PERILS OF PAKISTAN: With new COAS, the army will rule Pak politics

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With just over 10 days left before the new Chief of Army Staff (COAS) takes charge, there is intense jockeying among the parties involved. The army, cowed down by intense public scrutiny and derision in the past few months, is not given to letting its power wane. The political parties remain divided and suspicious of each other, even in a coalition, and that offers a leverage for the army leadership … writes Dr Sakariya Kareem

Rarely has a democratic country’s fate been so inextricably tied to the appointment of its new Army chief as in Pakistan. The political turbulence that has kept Pakistan and its people on tenterhooks for the best part of this year might not end with the new Army Chief taking charge by November 30 but it will certainly take a seemingly more logical turn, scramble among political parties to win the elections, overseen by the powerful military. But first, there must be a decision on the date of the general election and this decision will rest on who the new Army chief would be.

With over 10 days left before the new COAS takes charge, there is intense jockeying among the parties involved. The army, cowed down by intense public scrutiny and derision in the past few months, is not given to letting its power wane. The political parties remain divided and suspicious of each other, even in a coalition, and that offers leverage for the army leadership.

Pakistan Prime Minister Shehbaz Sharif Pic credits Instagram

The fact that there are hectic parleys among different actors in this theatre is not a secret. The recent meeting between Prime Minister Sharif and his elder brother, Nawaz Sharif, has put the game into the open. The Sharif brothers, extremely wary of the army, want to exert what little influence they can in deciding who will rule from Rawalpindi. Hence the first statement from the Sharif government was about a proposed amendment to the Pakistan Army Act to give extraordinary power to the Prime Minister in the appointment and extension of the Chief of Army Staff. It was intended as a challenge to the army.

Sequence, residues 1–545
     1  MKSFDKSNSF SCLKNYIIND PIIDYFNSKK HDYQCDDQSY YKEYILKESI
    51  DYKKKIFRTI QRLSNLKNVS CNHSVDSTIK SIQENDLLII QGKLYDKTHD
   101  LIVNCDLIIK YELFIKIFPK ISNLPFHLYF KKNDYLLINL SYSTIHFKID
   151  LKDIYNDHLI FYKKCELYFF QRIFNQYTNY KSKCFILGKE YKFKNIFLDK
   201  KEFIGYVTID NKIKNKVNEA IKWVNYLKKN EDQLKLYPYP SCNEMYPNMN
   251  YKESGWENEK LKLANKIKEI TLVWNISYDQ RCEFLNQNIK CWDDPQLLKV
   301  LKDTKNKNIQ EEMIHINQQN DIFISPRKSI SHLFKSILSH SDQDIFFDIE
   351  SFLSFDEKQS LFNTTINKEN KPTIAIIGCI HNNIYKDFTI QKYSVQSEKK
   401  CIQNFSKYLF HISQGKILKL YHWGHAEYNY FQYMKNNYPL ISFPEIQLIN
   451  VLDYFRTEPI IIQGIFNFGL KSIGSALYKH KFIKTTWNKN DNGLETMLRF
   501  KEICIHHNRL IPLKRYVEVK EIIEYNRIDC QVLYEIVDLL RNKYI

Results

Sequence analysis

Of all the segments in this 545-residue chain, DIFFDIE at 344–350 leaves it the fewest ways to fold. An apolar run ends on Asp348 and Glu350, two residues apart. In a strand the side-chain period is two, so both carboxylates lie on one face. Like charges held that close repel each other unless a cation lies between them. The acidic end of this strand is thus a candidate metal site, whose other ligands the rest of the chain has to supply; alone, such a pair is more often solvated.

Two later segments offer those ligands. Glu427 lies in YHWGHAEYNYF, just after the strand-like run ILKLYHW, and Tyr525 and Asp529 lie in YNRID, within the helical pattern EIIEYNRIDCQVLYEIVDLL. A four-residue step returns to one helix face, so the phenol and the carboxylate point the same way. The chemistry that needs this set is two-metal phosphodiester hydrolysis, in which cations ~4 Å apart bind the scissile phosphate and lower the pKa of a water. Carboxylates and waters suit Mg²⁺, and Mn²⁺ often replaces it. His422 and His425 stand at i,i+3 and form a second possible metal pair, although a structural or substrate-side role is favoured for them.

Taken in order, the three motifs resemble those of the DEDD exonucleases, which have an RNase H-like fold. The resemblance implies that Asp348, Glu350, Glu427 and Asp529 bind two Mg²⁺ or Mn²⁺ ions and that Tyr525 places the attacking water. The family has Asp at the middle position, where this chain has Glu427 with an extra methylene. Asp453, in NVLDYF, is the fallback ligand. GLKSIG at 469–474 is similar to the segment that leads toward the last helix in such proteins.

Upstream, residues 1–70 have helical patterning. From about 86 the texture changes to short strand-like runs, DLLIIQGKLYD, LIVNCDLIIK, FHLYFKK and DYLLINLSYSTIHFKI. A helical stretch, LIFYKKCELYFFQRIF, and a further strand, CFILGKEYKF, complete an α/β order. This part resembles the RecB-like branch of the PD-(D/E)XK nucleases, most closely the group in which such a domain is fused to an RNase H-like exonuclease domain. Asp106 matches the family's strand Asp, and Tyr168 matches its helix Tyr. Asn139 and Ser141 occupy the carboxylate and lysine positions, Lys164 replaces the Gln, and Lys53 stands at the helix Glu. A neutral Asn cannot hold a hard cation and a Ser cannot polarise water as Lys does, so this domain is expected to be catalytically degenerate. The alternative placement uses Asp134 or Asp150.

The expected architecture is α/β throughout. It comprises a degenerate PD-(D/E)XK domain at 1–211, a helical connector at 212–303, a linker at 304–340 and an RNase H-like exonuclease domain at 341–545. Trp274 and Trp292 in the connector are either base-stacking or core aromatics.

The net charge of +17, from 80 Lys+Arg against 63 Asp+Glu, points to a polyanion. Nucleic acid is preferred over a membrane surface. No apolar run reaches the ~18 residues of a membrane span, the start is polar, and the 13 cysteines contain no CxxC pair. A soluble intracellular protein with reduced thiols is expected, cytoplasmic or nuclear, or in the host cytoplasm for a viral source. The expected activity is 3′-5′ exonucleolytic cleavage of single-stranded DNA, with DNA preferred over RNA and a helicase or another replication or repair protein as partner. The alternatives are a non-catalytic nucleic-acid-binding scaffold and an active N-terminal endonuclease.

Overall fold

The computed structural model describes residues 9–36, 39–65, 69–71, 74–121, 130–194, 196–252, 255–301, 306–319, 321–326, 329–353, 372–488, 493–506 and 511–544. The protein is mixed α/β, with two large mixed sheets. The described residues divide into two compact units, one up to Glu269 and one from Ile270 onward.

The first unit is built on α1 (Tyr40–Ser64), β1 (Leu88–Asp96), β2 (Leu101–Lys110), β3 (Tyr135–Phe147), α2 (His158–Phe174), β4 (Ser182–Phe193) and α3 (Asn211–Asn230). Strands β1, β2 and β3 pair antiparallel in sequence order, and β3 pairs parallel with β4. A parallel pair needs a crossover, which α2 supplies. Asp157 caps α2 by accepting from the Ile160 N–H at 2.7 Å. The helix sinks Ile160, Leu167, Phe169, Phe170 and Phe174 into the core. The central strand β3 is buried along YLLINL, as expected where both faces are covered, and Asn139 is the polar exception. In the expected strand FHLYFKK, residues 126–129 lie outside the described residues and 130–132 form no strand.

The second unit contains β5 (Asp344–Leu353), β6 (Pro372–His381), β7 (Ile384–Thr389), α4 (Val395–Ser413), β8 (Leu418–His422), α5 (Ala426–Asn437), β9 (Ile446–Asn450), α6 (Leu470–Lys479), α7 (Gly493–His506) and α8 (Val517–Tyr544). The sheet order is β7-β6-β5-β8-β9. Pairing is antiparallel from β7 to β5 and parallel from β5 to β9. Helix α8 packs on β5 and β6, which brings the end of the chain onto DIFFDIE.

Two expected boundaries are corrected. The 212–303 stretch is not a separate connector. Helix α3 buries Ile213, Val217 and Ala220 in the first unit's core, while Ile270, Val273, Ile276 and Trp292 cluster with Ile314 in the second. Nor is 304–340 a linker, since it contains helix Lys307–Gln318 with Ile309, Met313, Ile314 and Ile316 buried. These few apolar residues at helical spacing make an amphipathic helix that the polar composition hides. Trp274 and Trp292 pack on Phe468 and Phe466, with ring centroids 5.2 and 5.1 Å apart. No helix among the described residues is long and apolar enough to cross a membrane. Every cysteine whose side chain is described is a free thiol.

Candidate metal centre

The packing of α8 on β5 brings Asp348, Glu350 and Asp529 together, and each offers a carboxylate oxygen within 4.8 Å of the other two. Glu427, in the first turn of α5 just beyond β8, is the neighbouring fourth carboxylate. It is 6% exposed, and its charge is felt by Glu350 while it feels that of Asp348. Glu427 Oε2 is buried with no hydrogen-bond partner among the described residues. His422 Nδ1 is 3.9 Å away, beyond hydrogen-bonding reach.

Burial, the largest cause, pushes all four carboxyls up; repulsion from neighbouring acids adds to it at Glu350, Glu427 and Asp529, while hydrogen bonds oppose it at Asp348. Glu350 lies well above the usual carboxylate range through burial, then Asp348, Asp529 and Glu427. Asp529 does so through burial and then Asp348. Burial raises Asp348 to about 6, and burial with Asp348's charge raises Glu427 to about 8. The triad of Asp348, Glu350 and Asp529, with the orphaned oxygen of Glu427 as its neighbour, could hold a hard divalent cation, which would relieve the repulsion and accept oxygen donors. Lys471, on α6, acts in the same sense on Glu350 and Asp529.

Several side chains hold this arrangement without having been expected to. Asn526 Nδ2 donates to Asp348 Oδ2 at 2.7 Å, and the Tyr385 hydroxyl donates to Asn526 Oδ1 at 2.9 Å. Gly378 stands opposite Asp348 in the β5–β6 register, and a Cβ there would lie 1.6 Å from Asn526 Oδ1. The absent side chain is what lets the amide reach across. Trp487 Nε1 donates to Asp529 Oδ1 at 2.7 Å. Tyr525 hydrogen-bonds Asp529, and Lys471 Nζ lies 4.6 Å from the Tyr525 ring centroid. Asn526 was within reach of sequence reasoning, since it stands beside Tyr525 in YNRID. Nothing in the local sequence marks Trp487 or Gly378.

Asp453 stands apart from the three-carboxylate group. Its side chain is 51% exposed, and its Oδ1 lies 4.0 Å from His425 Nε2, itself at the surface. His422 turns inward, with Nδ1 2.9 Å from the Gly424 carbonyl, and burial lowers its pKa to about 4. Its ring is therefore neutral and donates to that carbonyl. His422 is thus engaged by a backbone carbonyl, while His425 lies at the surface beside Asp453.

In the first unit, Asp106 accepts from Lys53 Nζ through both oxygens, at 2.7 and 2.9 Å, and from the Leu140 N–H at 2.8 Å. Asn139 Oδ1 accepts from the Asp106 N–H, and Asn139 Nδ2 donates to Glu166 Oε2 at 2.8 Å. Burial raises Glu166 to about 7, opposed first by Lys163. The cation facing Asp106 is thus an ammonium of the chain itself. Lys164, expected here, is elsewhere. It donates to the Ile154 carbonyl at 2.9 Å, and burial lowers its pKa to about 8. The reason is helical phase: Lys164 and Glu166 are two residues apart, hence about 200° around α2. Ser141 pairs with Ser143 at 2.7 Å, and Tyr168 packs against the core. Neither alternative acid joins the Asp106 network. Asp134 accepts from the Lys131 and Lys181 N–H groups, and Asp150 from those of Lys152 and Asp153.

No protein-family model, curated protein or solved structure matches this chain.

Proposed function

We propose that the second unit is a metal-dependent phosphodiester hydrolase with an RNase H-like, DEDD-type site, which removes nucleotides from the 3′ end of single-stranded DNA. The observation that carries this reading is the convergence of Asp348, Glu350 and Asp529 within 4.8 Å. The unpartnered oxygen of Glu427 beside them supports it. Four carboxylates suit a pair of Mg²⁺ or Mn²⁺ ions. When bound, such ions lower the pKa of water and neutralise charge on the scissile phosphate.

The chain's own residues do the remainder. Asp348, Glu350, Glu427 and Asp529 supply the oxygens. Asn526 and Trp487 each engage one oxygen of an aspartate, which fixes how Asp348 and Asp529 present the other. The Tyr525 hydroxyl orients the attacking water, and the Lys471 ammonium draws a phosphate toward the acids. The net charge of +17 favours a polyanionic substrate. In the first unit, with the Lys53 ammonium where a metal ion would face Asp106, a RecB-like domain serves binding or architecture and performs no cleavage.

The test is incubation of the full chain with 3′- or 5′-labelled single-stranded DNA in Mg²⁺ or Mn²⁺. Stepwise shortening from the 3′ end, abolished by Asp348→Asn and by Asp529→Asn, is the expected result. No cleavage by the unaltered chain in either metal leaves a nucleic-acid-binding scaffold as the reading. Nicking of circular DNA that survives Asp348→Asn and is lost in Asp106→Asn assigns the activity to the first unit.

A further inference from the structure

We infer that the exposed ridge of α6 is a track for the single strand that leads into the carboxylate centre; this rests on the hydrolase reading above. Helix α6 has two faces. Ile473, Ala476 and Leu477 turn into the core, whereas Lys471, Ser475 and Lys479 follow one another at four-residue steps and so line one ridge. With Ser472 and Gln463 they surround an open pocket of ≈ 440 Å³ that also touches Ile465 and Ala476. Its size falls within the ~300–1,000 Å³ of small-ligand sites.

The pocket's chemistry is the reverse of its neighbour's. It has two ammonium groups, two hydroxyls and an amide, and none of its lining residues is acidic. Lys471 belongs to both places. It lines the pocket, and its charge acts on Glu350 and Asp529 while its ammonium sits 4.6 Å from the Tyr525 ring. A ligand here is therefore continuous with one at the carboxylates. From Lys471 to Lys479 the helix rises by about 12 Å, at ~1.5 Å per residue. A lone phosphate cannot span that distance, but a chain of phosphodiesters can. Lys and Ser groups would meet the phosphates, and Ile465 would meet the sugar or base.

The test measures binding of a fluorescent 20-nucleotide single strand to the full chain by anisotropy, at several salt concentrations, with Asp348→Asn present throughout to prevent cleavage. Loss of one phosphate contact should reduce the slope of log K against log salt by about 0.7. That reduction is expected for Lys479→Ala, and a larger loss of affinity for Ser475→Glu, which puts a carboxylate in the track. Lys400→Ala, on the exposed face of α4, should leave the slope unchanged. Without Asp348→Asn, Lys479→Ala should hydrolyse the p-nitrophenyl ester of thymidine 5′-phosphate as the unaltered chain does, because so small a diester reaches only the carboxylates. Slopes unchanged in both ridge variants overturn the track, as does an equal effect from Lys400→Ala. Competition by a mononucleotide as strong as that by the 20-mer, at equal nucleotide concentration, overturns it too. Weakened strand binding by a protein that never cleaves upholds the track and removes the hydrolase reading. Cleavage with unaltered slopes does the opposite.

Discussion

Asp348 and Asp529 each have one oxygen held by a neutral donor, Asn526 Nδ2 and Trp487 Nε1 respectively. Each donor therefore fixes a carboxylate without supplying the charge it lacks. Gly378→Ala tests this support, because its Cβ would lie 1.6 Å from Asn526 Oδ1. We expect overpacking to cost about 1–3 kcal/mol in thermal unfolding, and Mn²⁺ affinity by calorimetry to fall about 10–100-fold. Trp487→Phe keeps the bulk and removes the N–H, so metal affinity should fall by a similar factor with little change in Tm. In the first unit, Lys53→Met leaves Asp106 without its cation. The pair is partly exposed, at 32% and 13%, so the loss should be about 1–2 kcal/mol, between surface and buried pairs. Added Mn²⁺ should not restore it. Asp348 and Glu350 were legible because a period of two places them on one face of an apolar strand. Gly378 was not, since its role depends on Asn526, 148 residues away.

The army is not going to let go of the most important move in the game–to select its own chief for political parties, least of all to the Sharif brothers with whom the Generals had a prolonged love-hate relationship. The Sharif family’s one of two biggest challenges come from within the coalition party it leads–Asif Ali Zardari and Maulana Fazlur Rahman have different equations with the army, ever willing to negotiate with the Generals for a better future arrangement. So first the brothers talk among themselves in secret and then they confabulate with their political partners, a sign of distrust among them. In essence, they are parties in opposition, each with different equations with the other and the Generals. Each has a different axe to grind. What has driven them together is the new actor in the game, Imran Khan.

Imran Khan has never been on friendly terms with any of the main political parties. The former cricketing legend has had a better equation with the Generals. Although Khan fell out with his foster guardian, General Qamar Javed Bajwa, early this year, he had more support among the top and middle-rung officers than the Sharif-led PDM government. Khan’s political victories in Punjab since his removal show his newfound support among voters in the traditional base of the army rank and file. These victories have been, ostensibly, without the army’s support, and it has been a dent in the Sharif stronghold. His recent moves to wriggle out of hard positions, on the US and the COAS appointment, are a clever move to find possible support from the army in the election year.

The Sharifs are using the media to play their one-upmanship vis-a-vis the army. Besides the proposal to amend the Army Act, different stories have been floated about the probable new COAS and claims about seniority being the deciding factor. The Sharifs know their hands are tight on this issue but do not want to show themselves in a weaker light. Strangely, all of a sudden, neither the Sharifs nor Imran Khan are hitting at Bajwa, the cruel campaign against Generals seems to have lost its steam. What do these straws predict–whoever takes over from General Bajwa would remain loyal to the army first and foremost, and will play politics with greater vigour and craft than in the past few months.

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